The Truncheon Brothers, Tad and Tod, were an unacclaimed act from the golden age of variety theatre. Both dressed as middle-ranking police officers, they would bound creakily on to the stage – they were of advancing years – Tad from the right and Tod from the left or, as it might be, Tod from the right and Tad from the left, and proceed to bludgeon each other about the head with their truncheons. These were lead-weighted heavy rubber truncheons as deployed by real coppers. One or other of them, Tad or Tod, would collapse unconscious to the floor first, at which point the still-conscious-but-decidedly-woozy one, Tod or Tad, would break into song, usually slurring the words due to the disorientation occasioned by the several blows to the head received. The song itself never varied. A third, non-performing brother, Gilliblat, wrote both the words and the music. The lyrics were as follows:
I bashed my brother on the head
But don’t you worry, he’s not dead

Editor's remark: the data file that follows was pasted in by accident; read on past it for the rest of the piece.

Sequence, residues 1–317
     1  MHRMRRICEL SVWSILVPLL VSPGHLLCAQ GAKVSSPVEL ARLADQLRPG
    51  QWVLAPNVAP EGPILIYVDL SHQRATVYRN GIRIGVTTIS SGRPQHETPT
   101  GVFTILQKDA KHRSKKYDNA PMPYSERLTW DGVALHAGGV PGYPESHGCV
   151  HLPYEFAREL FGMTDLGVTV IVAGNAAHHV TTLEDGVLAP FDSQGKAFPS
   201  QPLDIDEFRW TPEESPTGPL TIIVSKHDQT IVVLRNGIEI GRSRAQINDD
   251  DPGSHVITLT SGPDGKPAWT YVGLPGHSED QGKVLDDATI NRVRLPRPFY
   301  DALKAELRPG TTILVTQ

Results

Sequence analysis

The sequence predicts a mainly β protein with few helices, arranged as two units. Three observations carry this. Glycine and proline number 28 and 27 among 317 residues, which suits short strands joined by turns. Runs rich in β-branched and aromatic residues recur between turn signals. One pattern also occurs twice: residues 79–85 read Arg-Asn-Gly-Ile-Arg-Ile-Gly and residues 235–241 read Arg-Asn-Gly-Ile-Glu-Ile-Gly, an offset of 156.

We will be back tomorrow night
For another truncheon fight
We’re the Truncheon Brothers, Tad and Tod
And we bathe in the blood of the Lamb of God
We take our baths offstage of course
Now please cheer us until you are hoarse
We’ll pass a cap round for your cash
Then I’ll give Tod [or it might be Tad] a final bash
The cap, passed around the audience by Gilliblat, rarely had any cash in it by the time it came back to him, though the Truncheon Brothers never wanted for buttons and corks and scrunched-up bits of paper.
Source : Some Truly Awful Acts Who Appeared At Bodger’s Spinney Variety Theatre, 1880-1910 by Dobson (out of print).